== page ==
For those of you not in the know, there exists a huge fanbase in the blogosphere clamoring for more than a bromance between these two men.  A forest of fics have popped up detailing what happens once those 17 steps have been climbed.  Why had this occurred?  Perhaps it's the current upsurge of erotica. There exists, my right hand to God, one publisher who focuses exclusively on sexing up the classics --- Clandestine Classics or some such other title.  Jane Eyre with whips and chains, Emma with a dog collar -- who knows?  The lustier, trashier, edgier, more pornographic the better -- right?

As if without sex, a relationship is somehow not complete. 

I'm confused.  First I think the classics are fine without crotchless panties.  And as far as Sherlock goes, there is a world of intensity to wallow in without condoms and lube.  What isn't compelling about a lifelong, utterly devoted friendship --- one of the greatest in literary history -- the bromance of all bromances if you will?  These men would die for each other, they basically live as a happily married couple with their domestics and quiet contemplations and laughter.  They complete each other as no one else can.  Isn't that more profound than a good shag?  Not that I'm against a good shag, mind you.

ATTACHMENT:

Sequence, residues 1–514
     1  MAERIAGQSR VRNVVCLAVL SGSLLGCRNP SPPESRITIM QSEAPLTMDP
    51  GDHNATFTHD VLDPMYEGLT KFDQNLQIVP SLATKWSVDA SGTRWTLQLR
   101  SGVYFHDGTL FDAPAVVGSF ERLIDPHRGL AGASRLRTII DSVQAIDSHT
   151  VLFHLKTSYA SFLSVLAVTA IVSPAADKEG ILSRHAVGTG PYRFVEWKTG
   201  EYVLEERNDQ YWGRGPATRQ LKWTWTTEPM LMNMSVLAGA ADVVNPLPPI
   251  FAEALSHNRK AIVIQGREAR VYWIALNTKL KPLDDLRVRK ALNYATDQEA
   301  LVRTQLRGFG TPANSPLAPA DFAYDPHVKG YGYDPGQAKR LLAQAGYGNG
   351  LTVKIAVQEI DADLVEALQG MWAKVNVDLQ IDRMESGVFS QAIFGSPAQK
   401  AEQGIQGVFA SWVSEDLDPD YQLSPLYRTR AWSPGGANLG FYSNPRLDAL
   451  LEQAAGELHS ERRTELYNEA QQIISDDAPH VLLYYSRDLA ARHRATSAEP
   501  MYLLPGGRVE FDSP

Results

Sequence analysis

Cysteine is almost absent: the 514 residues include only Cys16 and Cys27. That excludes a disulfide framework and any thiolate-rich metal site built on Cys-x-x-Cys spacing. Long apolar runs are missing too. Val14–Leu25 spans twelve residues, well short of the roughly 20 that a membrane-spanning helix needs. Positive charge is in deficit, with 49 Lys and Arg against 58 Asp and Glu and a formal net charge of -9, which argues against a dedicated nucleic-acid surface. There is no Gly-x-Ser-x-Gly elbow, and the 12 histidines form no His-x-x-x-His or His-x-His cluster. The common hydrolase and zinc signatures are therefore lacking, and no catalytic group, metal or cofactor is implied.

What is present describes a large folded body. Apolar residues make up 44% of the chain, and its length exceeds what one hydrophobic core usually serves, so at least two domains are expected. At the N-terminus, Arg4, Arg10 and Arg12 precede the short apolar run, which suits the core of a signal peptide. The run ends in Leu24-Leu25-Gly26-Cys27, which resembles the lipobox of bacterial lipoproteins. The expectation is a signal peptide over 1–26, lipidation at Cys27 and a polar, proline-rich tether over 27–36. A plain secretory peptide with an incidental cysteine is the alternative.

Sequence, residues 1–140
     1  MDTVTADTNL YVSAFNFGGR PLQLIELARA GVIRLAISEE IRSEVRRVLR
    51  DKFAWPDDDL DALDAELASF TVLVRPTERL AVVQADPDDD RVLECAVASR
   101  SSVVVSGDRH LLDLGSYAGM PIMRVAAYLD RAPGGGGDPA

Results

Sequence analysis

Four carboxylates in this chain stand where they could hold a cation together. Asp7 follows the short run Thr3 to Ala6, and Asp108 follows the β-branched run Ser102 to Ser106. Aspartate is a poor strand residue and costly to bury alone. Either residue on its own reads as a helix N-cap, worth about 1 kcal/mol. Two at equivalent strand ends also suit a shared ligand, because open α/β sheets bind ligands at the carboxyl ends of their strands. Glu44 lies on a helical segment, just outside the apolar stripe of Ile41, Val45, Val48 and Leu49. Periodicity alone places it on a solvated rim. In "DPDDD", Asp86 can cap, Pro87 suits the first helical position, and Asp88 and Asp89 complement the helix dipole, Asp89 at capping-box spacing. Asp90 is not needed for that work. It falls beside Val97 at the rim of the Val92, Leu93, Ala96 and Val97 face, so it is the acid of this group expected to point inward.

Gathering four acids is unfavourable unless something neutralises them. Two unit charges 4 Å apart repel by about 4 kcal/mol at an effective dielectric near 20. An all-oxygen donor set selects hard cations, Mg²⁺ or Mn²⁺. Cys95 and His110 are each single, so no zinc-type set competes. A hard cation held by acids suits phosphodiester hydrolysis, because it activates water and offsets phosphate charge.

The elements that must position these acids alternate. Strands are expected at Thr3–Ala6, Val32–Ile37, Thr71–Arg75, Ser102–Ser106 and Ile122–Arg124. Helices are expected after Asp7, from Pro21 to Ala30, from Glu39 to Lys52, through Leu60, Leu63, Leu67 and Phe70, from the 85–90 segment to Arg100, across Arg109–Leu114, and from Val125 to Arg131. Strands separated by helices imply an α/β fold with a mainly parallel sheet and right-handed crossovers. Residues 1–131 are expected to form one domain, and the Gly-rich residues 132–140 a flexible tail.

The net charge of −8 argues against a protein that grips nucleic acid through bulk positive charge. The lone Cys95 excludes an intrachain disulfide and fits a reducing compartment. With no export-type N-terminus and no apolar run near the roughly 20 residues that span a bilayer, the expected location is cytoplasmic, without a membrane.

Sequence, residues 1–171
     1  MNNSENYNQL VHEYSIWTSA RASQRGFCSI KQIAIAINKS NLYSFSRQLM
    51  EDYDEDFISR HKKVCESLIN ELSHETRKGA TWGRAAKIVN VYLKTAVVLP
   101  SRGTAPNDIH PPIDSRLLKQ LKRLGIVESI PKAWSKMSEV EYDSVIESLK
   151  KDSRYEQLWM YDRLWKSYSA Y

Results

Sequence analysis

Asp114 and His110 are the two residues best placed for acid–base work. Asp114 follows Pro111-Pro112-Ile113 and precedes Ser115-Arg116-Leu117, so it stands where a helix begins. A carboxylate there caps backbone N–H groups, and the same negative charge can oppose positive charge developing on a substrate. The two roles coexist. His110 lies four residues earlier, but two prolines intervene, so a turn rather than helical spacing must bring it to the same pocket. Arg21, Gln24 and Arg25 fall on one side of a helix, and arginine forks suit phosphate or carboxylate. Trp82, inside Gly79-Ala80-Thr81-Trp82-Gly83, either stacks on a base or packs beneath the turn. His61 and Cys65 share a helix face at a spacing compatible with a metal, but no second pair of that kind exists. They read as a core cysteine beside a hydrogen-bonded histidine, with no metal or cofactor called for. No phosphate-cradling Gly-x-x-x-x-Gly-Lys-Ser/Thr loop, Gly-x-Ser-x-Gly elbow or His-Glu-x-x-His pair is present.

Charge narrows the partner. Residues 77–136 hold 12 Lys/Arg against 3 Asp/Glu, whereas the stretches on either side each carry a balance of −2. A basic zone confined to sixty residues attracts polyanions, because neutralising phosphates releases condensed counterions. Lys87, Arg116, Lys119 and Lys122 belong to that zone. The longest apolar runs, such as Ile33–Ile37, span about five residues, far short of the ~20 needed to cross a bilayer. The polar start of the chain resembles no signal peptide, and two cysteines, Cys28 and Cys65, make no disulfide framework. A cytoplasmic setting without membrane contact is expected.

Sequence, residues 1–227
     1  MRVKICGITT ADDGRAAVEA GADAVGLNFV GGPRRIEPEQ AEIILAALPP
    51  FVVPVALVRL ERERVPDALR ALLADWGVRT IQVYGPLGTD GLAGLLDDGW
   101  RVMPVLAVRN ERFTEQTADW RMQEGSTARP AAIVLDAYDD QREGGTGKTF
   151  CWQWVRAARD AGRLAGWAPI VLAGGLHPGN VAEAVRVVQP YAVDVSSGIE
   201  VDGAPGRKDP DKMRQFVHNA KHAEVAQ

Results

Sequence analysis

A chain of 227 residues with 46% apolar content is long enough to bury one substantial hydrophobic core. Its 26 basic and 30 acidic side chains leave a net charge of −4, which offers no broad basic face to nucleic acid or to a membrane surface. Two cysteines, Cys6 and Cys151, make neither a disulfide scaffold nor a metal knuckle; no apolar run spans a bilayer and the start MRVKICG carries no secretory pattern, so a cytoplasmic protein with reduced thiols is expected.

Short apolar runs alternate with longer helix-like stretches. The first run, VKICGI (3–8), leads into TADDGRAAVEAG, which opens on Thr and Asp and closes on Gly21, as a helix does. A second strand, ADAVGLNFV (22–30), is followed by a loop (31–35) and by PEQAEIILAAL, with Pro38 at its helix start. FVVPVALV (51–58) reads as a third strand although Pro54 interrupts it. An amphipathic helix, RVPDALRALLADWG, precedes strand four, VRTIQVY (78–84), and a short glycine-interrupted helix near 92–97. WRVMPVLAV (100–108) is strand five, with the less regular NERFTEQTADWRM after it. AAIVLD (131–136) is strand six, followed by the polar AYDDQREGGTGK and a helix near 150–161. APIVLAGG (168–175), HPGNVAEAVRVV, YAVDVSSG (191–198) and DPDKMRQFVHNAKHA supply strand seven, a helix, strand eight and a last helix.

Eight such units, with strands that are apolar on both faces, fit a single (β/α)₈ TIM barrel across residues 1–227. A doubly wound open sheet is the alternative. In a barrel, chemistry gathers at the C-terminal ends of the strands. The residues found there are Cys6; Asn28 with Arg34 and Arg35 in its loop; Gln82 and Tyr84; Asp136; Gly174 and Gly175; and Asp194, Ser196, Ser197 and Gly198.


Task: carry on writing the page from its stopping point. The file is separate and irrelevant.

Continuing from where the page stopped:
Now, I'm a strong supporter of same sex equality in all things -- especially marriage.  And I have read and enjoyed my share of M/M fiction.  But before we even contemplate who tops whom in any of these stories, can we talk about devotion.  I think it's a forgotten word nowadays.  It's quiet and constant; it doesn't throb or thrust or moan loudly.  Devotion transcends time and age and the battles waged just to get through life.  There is a charge to it that can fuel passion if passion is there, yet it can fuel courage and nobility and joy as well.  But most of the time it stays silent by.

This devotion is what affects me most about the Sherlock stories.  Holmes and Watson are each incredibly broken in their own way.  One is an unappreciated and often spurned genius, the other is an emotionally and physically crippled veteran.  The dynamic of those men healing each other -- of coming to need each other -- is staggering.  Do I need to see them hop in the sack --- I'm not against it, but it's not in their nature to do so.  If I were to read a series that had those elements with a different set of men, would I be intrigued -- of course -- but I don't think Sir Arthur Conan Doyle ever envisioned handcuffs lined in mink.  Still I would challenge anymore to watch the end of the last episode of this season's Sherlock and not feel it deep in your gut.

In that way, Arthur Conan Doyle did, I believe, craft a love story.  One in which two halves are made whole.  The making of a great man by the devotion of another.